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Better Than All Right
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Better Than All Right

1.64 of 5 stars 1.64  ·  rating details  ·  11 ratings  ·  9 reviews
Iris, a cool unsentimental sixteen-year-old, has profound effects on her fourteen-year-old cousin and an eighteen-year-old boy spending the summer at the same resort.
Paperback, 84 pages
Published 1977 by Bantam
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Community Reviews

(showing 1-19 of 19)
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Jranee
I was told this was a terrible book and part of it were, but I think the overall message was great. The last line of the book goes, "I'll be all right where I go." I like that. I think that after getting to know, Iris, the main character, this simple statement rings true. I wish the same could be for Shelly but some people are just dealt a hard hand.

Drugs/Alcohol: Yes
Sex: Yes
Language: No
Violence: No
Nicole Norton
If it is not apparent from the rating above, I will explain how much I despised this book. To me, the book went from pretty stupid to amazingly stupid when I reached the middle and end of the book. First of all, if you love dialogue, then this is the book for you because it is filled with it. Page upon page of someone talking, with a couple surrounding details thrown in periodically, so you don't forget where you are. I "didn't get" or particularly like the main character, or any of the characte ...more
Michael Elrod
This book was absolutely less than all right! I thought it was absolute Filth. The hilarious thing is that it says right on the cover "The startling new novel by the author of True Morgan." This book was not at all startling, nor do I see how it might be considered to be startling when it was published. This book was published in the 70's, and from the stories I've heard from my parents about the 70's this book was light. I must say it took a while to adapt to the idea that Sherry was a guy. Iri ...more
Cami Beath
Better Than All Right
By Susan Beth Pfeffer

“You’re looking at Caryn, Iris, and Shelly. They appear to be spending a normal, happy Summer at the lake. They’re not.” Ha! This book was something else.....I found all the characters frustrating and felt that many were without redeeming qualities. I wish that Pfeffer had made them more complex, they were too one-dimensional and it drove me crazy! She only hinted at the themes that could have been developed in really cool ways. Better Than All Right is
...more
Janessa Brown
This book is ridiculous, and I would recommend it to no one. The story line is choppy, it's monotoned, there's no real emotion or expression in this story. I felt like the story neither had a beginning or an ending. I didn't get a single message from the entire story line. There were no morals, no themes, no thoughts really. The characters apparently don't use expression or think when they talk, because the whole novel is "he said", "she said". I hated it, but I've covered my second time period ...more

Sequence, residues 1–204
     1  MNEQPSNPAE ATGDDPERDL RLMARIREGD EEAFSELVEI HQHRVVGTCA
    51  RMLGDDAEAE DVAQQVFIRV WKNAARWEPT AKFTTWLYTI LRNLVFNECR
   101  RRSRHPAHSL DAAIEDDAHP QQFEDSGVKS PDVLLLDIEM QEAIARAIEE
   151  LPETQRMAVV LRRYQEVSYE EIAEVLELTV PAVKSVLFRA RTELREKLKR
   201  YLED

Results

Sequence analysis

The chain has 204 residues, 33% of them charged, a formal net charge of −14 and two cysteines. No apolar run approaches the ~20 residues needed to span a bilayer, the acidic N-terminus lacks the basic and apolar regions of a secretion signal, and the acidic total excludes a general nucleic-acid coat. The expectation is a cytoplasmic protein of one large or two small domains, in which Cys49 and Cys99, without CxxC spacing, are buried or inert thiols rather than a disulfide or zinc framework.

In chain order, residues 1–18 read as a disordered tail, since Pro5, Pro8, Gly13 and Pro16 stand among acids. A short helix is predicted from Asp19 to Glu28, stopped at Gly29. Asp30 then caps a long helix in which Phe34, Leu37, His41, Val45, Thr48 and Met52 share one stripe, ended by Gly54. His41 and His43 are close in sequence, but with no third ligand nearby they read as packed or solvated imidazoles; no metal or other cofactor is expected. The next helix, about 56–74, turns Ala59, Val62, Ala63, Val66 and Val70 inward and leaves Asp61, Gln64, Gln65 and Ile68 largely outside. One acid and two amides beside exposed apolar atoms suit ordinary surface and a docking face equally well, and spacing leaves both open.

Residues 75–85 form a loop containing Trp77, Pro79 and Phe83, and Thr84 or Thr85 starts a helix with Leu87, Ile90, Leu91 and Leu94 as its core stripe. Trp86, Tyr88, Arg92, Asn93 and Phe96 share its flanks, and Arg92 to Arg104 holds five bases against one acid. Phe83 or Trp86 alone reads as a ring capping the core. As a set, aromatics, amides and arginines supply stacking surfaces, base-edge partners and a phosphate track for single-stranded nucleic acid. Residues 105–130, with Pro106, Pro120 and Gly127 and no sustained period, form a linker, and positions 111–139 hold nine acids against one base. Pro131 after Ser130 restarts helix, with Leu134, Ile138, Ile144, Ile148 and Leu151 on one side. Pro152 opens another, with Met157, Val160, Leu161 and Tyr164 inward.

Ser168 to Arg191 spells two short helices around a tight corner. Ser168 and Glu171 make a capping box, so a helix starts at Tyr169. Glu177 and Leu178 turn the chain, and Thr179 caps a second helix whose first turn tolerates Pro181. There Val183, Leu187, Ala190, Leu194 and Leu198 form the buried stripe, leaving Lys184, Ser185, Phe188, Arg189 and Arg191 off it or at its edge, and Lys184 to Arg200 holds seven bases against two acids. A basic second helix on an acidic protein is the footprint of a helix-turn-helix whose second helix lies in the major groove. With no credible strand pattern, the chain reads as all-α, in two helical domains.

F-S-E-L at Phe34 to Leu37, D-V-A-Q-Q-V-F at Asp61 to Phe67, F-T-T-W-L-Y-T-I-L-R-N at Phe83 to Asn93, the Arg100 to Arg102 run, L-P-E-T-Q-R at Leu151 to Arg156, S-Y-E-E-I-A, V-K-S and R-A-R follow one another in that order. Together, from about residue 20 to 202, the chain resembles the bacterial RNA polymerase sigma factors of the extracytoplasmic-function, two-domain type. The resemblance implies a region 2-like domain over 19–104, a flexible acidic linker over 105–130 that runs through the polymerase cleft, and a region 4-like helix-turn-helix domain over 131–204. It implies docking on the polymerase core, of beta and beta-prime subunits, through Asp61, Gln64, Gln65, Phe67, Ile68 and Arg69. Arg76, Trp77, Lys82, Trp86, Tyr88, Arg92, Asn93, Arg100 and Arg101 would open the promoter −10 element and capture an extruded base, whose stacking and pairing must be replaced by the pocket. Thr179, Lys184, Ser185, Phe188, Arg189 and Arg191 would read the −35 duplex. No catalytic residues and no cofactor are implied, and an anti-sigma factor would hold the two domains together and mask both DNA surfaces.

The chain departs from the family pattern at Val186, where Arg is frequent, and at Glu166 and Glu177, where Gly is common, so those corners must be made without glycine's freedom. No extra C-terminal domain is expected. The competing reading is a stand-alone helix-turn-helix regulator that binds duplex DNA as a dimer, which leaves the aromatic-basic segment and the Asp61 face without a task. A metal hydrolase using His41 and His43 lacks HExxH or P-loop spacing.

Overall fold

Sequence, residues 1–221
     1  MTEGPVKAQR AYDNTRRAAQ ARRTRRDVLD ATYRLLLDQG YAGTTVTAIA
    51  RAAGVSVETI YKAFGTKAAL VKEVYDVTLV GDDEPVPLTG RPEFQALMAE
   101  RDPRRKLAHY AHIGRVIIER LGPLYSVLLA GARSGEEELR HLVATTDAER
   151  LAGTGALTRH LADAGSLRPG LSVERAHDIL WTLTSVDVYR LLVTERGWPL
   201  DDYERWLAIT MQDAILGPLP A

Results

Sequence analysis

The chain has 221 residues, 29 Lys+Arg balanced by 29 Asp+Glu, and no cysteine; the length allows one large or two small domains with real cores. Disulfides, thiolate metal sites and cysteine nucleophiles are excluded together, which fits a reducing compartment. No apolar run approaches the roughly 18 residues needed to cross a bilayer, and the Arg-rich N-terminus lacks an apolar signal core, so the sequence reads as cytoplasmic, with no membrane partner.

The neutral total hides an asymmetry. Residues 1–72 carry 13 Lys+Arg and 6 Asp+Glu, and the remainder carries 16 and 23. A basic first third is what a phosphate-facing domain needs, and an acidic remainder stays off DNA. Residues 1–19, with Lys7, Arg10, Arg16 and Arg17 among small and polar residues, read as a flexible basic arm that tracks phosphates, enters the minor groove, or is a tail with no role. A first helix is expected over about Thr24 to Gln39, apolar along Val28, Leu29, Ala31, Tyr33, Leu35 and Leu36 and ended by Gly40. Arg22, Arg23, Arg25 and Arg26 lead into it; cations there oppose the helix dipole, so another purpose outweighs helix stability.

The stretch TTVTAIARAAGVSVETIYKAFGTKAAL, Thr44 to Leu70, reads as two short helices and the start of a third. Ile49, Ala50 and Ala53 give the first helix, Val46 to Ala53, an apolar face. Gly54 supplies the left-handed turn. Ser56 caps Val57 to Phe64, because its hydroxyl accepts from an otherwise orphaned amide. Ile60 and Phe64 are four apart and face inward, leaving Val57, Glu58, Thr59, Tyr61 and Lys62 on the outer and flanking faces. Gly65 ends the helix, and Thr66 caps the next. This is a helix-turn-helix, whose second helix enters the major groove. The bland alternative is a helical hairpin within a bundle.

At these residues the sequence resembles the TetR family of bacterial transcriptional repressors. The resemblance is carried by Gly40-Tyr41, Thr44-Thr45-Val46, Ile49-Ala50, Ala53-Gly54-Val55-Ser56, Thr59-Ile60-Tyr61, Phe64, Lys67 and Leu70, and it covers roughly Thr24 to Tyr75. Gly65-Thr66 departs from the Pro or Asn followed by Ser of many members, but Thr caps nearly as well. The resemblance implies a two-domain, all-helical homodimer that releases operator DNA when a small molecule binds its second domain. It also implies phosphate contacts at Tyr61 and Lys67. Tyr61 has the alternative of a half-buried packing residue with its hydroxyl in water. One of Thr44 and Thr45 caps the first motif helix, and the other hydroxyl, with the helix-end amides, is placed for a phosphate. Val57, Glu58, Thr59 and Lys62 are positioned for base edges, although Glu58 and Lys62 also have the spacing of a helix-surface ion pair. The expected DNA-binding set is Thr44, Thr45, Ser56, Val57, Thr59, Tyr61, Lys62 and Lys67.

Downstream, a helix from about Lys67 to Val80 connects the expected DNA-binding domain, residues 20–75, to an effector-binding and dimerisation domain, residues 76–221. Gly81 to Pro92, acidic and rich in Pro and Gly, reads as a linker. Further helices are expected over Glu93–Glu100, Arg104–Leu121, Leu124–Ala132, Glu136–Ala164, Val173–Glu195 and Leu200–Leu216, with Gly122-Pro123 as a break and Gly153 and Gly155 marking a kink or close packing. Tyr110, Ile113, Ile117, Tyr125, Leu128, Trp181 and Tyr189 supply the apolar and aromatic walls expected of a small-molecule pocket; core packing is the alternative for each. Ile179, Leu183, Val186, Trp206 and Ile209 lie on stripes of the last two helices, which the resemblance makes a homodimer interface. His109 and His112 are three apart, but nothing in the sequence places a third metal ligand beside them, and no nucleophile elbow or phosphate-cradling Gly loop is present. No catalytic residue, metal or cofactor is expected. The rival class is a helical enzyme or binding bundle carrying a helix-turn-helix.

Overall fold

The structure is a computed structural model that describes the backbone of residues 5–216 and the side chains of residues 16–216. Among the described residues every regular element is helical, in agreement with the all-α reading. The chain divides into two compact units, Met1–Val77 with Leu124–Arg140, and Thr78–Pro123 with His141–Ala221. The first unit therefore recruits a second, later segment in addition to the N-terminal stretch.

Pksoper
May 16, 2011 Pksoper rated it 2 of 5 stars
Shelves: ya
Ooh, baby. I read this book so that I could recommend it to my students. Can I really recommend it? Sure, because it's old and will help them be grateful for well-written YA books. I've never before read a book whose sentence length read like a metronome. Someone must have told Pfeffer that YAs prefer short sentences. (because they're not very smart? because they can't read?)

Anyway, since it was published in 1972 and lasts a whopping 84 pages, it counts for a time period book that is quick, quic
...more
Katie
Gag me with a spoon. I honestly have nothing much to say about this book. There was no real plot, no real meaning, and nothing good about this book. It took all of my strength to keep reading, and I'm pretty sure I almost had to book it for the bathroom a few times just in case I threw up because intelligence was being sucked out of my brain.
WARNING: language, sexual reference, and drug reference.
Erin
Wow. Really? I can't even imagine a world where this would be better than all right. It was good for a laugh though...
elissa
An early Pfeffer novel, and probably one of the better written ones from my early YA reads.
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Dec 30, 2012
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1318
Susan Beth Pfeffer was born in New York City in 1948. She grew up in the city and its nearby suburbs and spent summers in the Catskill Mountains. When she was six her father wrote and published a book on constitutional law, and Pfeffer decided that she, too, wanted to be a writer. That year she wrote her first story, about the love between an Oreo cookie and a pair of scissors. However, it wasn't ...more
More about Susan Beth Pfeffer...
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